Barren both of fruit and flower;
               Yet I love thine arid grandeur
                 That defies man’s utmost power!



                      _THE LAST SURVIVOR FROM THE
                               LIFE-BOAT_


                Beneath his pillow, hid away
                From careless sight, the nurses say,
                  And safe from any stranger’s view,
                As miser might some treasure rare,
                So does he guard, with jealous care,
                      A baby’s shoe.

                And evermore by day and night,
                With burning eyeballs fever-bright,
                  This wan survivor of the sea
                Scans each blank, closing wall in turn,
                In dim endeavor to discern
                      If sail there be.

                And then the weary sigh that slips
                Suspiring from those parching lips
                  No heart may hear nor bleed therefor!
                As, with hot tears that fall like rain,
                He soothes a dying baby’s pain
                      And o’er and o’er

                Croons snatches of soft lullabies
                To empty arms held cradle-wise.
                  —O human heart-break, love and grief!
                God pity him in his distress,
                Ev’n as the sea was pitiless
                      Beyond belief!

                God comfort, as with straining breath,
                Unheeding either life or death,
                  Yet still with faint unwitting smile,
                His fingers fondly seek and fold
                The little sea-stained shoe, and hold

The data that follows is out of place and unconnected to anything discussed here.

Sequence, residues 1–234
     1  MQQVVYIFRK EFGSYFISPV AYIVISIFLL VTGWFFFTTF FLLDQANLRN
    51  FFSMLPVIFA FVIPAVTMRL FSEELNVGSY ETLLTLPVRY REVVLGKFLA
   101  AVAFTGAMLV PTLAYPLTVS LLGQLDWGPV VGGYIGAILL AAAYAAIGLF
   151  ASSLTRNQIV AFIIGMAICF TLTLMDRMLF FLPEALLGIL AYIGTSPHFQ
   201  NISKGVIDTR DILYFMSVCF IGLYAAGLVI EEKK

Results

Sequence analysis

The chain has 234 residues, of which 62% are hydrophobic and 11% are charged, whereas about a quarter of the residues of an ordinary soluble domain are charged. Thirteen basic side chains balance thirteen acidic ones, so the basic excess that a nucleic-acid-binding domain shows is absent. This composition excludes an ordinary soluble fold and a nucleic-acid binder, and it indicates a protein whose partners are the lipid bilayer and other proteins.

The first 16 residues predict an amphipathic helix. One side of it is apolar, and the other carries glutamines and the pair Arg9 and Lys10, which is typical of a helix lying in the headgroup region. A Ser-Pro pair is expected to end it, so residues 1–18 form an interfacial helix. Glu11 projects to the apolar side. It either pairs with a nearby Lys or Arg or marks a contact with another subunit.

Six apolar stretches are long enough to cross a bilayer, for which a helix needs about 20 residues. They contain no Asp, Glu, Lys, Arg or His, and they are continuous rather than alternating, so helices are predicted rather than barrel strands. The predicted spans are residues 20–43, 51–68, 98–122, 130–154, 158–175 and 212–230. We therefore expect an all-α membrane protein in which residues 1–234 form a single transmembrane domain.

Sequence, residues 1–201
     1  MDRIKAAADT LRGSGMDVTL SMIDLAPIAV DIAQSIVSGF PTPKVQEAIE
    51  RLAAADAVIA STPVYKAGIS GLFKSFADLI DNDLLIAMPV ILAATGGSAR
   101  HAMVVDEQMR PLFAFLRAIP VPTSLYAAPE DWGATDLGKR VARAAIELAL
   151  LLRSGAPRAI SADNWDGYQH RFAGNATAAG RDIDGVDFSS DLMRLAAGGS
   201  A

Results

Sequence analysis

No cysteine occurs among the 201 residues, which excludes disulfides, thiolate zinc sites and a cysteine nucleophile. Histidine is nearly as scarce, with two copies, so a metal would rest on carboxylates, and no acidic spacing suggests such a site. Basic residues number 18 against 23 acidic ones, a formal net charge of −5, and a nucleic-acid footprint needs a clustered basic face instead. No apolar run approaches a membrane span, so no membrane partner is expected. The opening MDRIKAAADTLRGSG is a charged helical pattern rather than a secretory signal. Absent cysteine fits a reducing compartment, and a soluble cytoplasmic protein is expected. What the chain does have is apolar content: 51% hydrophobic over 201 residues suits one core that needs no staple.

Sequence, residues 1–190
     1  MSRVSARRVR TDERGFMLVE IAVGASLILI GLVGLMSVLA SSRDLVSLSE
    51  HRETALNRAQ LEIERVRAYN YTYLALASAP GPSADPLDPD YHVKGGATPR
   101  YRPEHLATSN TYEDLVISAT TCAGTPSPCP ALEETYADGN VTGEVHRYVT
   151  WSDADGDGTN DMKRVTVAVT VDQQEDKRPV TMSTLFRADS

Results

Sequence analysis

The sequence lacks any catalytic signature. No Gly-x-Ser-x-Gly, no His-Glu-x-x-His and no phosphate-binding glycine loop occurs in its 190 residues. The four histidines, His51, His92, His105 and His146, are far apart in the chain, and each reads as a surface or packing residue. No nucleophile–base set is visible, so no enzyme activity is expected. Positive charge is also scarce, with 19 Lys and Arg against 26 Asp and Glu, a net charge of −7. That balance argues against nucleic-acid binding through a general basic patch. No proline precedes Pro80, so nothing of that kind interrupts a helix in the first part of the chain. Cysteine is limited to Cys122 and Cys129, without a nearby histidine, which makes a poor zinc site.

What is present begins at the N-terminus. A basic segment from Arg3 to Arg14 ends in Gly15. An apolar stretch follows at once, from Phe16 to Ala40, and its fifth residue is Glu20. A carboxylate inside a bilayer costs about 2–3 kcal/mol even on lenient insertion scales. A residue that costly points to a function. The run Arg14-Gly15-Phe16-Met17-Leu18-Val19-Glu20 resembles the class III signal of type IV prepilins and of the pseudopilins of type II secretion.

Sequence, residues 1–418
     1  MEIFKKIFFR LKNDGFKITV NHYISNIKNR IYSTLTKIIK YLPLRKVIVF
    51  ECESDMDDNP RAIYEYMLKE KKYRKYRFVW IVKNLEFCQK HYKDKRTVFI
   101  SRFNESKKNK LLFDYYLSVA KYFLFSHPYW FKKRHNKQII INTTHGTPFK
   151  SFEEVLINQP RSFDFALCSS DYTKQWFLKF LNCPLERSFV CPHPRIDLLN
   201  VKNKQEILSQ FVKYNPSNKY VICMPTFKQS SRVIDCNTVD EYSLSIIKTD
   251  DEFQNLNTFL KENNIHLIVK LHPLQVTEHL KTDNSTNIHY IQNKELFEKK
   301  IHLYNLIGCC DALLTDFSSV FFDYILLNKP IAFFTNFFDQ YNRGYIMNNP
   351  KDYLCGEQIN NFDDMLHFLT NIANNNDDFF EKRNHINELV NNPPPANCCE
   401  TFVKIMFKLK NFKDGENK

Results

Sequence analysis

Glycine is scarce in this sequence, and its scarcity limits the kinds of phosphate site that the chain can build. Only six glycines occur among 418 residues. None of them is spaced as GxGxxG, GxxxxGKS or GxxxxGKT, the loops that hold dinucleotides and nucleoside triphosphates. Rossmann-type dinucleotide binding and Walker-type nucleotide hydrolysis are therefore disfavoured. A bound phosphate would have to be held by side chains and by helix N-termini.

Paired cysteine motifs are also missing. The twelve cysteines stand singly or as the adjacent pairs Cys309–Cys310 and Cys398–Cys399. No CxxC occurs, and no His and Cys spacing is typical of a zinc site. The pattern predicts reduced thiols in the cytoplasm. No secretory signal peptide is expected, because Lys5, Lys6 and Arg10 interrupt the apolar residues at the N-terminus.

And stroke the while.



                          _THE CASCADE RAVINE_


            From off the traveled road that lay
              Between wide fields of wheat and corn,
              An old gate, gray and weather-worn,
            Led down a shady woodland way.

            One scarce might trace the narrow path,
              So green it was and overgrown
            With springtime’s seeded aftermath;
              Tall grasses that had never known
            The mower’s scythe or sickle’s scath,
              And rosy mayweed lightly sown
              Where’er the summer winds had blown;
            And all their tangled stems the red
            Sweet clover blossoms overspread.

            Near by, through scented, leafy veils
              Of wreathing vines, and dewy, dense
            Green underwood, a brood of quails
            Sped swiftly past the ragged rails
              That tilted off a mossy fence;
            And over it, on airy wing,
              A robin paused in glad content
              Where budding elder-bushes leant
            And brambles clambered flowering.

            Then, suddenly, a low, sweet sound
              Rose, faintly quivering on the breeze,
            And all that blossom-studded ground
              Seemed charged with murmurous mysteries!
              As if all rarest forest keys
            In dreamful chords divinely blent,
            Sang forth from some sweet instrument;
              While pulsing through, with rhythmic beat,
            In slumberous melodies there went
            The soft susurrus of the trees,
              The wind that wandered through the wheat,
            And all the changeful strains of these.

            And as I listened, marveling
              Where those light, liquid tones might be,
            Forgetting all and everything
              Save that enchanting minstrelsy,
            I wandered slowly through the wood,
              Till all at once the parted green
            Revealed its secret, for I stood
              Upon the verge of a ravine
              Wherein the sunbeams broke between
            Tall rustling hemlock boughs, and bright
            As burnished silver in the light,
              A tiny stream ran tinkling through,
            While hidden somewhere out of sight,
              A little spring made music, too.

            The shining water slipped and slipped
            Adown the mossy rocks, and dripped
              From off fine fringing ferns, in drops
            Of endless threaded pearls that tipped
              The tasseled sedge and alder tops
            With flickering light,—and then it sipped